The World, a Broken JugSeptember 28, 2020
In the Meso-American worldview, Mother Earth is represented as a flowering surface covered by running rivers and seas like a clay vessel that overflows with water. But what happens when the jug has been struck over and over again? The loud sound of its cracking resounds daily. Its crevices grow deeper with violence, with disappearances, with femicides, and with the persistent and ferocious plundering of the planet.
In the midst of apocalyptic scenarios that seem to be drowning us in the waters of the seventh great extinction, today's world is full of uncertainty.
What can we do to remain afloat?
In order to shine a light on this question, we must explore the fissures. In Latin America, the history of colonization and plunder is deeply intertwined with the history of women’s oppression. It is no coincidence that, in the European fantasy of conquest and colonization, America was represented as a naked female paying reverence to the white foreigner; America the exuberant, the conquered, the indigenous, the mestiza, the pillaged, the whore, the raped, the murdered, the fucked.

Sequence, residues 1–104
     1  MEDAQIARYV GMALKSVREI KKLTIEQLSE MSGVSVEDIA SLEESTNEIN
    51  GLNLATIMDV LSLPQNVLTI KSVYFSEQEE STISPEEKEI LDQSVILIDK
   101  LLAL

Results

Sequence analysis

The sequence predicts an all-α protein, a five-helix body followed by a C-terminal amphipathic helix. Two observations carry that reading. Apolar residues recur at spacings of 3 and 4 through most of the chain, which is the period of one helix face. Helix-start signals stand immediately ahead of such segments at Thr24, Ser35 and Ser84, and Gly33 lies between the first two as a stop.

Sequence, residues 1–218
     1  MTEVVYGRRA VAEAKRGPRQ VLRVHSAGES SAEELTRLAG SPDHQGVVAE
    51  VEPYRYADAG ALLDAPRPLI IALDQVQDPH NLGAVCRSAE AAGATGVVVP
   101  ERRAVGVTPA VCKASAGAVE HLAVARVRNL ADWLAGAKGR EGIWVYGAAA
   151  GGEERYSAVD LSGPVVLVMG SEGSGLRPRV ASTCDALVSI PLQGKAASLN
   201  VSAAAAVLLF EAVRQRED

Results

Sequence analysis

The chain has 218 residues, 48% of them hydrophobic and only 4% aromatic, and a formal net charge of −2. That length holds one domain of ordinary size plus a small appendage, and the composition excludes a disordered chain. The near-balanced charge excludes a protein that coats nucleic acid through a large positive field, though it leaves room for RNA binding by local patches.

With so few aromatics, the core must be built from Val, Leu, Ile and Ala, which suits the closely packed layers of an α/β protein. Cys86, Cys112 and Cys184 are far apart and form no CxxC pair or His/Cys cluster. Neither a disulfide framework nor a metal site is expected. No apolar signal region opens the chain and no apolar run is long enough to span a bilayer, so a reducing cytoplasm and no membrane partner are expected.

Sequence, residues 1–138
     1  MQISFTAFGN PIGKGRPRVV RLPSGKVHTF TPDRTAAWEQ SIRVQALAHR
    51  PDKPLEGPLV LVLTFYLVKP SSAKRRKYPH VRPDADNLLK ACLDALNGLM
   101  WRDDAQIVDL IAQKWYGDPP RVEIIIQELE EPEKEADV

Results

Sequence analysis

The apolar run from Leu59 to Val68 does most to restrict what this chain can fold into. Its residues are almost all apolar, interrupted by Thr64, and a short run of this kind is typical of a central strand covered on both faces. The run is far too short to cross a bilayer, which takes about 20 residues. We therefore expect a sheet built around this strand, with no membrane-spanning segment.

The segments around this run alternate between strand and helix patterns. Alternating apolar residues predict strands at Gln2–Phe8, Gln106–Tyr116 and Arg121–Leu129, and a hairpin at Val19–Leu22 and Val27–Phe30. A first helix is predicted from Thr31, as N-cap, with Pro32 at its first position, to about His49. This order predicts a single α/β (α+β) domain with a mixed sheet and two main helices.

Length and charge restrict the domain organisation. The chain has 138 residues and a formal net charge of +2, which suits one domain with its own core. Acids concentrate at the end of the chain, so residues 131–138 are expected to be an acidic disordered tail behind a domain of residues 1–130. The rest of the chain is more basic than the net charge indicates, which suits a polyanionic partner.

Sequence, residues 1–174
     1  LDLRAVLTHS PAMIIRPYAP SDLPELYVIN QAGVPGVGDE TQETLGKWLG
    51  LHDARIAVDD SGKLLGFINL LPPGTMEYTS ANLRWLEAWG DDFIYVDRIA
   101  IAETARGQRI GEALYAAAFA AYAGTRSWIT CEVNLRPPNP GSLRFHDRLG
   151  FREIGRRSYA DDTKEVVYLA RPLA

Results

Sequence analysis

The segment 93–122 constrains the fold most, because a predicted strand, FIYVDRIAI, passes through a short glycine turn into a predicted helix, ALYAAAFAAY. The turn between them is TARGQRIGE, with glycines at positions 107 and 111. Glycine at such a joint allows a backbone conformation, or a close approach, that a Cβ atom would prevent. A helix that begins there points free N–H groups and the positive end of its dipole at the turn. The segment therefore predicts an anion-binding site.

Afloat arose from the invocation of imaginaries that could allow us different ways of living in the world. This project consists of a series of different in-situ performances that speculate on the possibility of dys/u-topian presents and futures (such as partially-submerged landscapes, amphibious humans, multi-species relationships in droughts and pollution). It's about exploring how our relationship with nature conditions the way we shape our bodies and everyday lives.
This work aims to investigate the notion of adaptability and resilience in the face of climate change. The idea of adaptation is a central concept for dealing with the changes our society is undergoing. Our capacity for adaptation reduces our sense of individual vulnerability and turns it into one that is collectively shared. Learning about the modifications and adaptations that natural systems undergo opens up our own possibilities for action; understanding the intersections among insects, the flow of human and non-human migrations, the establishment of agro-ecosystems, temperature change, and precipitation, soil usage and pollution, among others, can help raise our consciousness.
I recently performed this work in the part of the Pacific Ocean that borders Mexico, where waters are infested with plastic. After thoroughly cleaning the beach, I crafted a veil and a pair of gloves using the plastic I had collected. Dressed up in this way, I went into the ocean, allowing myself to be carried by the waves' coming and going.